DISCLAIMER: This article is Satire (not real/meant to be comical)
The criminal justice and rehabilitation program at the University of Wisconsin-Stout has an array of professors who provide a mysterious learning experience for their students. When students were asked to nominate a professor for this one-of-a-kind spotlight, they suspiciously nominated one of the most recent members to join the staff, Professor Plum.
Though relatively new to the faculty, Plum has made a killer impact on campus. Known for his involvement in solving the murder of Mr. Boddy in 1950, the professor has since gone on to offer his expertise in psychiatry in many other crimes.
“Being a professor has its perks, I suppose, but these students haven’t got a clue what it takes to make it in this career. They have no idea what it’s like to deal with the kind of pressure one only faces as they try seek out the truth to prove their own innocence,” Plum said in his study.
“Too many people treat this field like a game. I hope to teach my students the process of deduction and notetaking, which are essential skills when you are trying to win a case,” Plum said. Since his employment in September 2017, 24 students have been accused of murder thanks to the work of this man and his goal for all his classrooms to be held in a mansion.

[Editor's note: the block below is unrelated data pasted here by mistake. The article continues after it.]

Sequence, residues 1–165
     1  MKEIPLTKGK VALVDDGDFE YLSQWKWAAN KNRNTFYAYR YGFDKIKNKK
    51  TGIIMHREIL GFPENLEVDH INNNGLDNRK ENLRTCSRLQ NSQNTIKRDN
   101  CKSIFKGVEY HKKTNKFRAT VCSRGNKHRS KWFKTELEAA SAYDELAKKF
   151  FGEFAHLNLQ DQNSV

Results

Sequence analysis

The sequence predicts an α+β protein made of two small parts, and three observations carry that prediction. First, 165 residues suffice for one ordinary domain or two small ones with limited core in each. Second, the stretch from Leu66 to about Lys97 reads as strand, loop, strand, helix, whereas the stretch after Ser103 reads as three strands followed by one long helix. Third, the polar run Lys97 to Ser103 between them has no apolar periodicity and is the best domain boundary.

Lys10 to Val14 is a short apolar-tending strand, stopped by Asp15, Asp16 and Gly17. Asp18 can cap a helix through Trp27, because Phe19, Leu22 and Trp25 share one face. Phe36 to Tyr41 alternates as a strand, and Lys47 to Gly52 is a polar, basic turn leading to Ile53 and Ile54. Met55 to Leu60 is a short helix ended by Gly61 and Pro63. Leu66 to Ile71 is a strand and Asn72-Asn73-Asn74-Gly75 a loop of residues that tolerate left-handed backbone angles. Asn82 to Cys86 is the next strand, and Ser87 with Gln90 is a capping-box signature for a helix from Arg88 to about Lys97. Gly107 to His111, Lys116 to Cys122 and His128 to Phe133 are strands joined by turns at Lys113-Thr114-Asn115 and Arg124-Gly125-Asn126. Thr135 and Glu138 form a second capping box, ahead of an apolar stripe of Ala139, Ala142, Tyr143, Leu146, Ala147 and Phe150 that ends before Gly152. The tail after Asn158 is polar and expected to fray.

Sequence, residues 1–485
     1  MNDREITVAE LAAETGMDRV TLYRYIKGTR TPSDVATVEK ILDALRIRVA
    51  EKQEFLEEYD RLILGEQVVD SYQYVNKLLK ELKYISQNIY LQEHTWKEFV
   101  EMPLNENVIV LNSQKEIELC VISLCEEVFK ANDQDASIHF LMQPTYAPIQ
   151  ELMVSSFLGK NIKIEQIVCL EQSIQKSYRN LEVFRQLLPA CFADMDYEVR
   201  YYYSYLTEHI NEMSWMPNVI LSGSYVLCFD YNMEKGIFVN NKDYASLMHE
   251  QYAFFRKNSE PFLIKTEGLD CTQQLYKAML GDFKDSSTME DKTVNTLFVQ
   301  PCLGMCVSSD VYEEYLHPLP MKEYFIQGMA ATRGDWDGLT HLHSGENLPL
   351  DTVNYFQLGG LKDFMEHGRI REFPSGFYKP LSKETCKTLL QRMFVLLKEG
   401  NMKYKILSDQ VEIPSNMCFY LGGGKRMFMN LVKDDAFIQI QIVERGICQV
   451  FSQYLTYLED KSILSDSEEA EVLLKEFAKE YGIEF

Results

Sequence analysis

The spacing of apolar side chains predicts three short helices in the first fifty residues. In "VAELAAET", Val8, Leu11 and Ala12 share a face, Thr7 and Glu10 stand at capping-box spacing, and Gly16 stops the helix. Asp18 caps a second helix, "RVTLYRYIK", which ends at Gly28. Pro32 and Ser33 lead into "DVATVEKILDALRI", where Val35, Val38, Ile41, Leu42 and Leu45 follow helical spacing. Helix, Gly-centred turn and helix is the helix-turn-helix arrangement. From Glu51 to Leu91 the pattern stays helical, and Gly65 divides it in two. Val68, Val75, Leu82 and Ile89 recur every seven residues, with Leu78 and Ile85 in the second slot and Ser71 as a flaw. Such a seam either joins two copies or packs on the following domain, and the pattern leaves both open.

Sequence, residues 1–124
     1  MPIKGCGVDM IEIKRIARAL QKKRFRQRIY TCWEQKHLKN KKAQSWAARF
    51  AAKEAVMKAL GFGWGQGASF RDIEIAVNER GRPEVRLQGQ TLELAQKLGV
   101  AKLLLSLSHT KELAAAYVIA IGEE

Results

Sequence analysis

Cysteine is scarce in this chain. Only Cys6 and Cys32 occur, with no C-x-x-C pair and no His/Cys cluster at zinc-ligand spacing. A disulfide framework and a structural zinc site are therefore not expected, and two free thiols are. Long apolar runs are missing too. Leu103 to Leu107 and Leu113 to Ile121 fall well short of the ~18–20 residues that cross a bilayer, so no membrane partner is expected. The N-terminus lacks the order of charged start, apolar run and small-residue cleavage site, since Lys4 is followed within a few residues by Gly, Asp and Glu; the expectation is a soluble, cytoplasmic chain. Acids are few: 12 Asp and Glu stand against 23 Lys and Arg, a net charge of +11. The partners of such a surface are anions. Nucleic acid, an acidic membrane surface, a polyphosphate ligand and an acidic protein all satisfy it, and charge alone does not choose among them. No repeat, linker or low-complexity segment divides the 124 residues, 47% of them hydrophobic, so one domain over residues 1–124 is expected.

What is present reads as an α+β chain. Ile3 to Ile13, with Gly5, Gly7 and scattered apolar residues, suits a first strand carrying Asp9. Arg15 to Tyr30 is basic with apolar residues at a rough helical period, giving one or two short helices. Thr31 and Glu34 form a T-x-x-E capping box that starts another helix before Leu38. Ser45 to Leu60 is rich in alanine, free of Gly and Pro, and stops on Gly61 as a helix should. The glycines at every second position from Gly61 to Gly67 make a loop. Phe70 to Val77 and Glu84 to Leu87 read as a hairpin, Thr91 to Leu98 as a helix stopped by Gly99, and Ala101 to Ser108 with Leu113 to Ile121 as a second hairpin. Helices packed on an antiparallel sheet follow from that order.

So what is it that makes this famed suspect so dangerous? Professor Plum has long been revered as an educator, but what about the man behind the glasses and a tie? Stoutonia sat down with the professor to ask him about some of his fondest memories before his time at UW-Stout. Plum was hesitant to answer.
“I do have faint memories of using a secret passage to get to the kitchen from the study,” he admitted, “For some reason, the kitchen always seemed difficult to get to and the passages offered a clear advantage. Though I do recall the passages being rather infested with spiders.”
The criminal justice and rehabilitation program, as Professor Plum often states, “is as guilty as Mrs. Peacock was standing over the body with the candlestick in her hand.”
He was, undoubtedly, referring to the shifty nature of the students found in the program here at UW–Stout. Professor Plum recommends that any student hoping to “get away with it,” should not spend much time in the conservatory.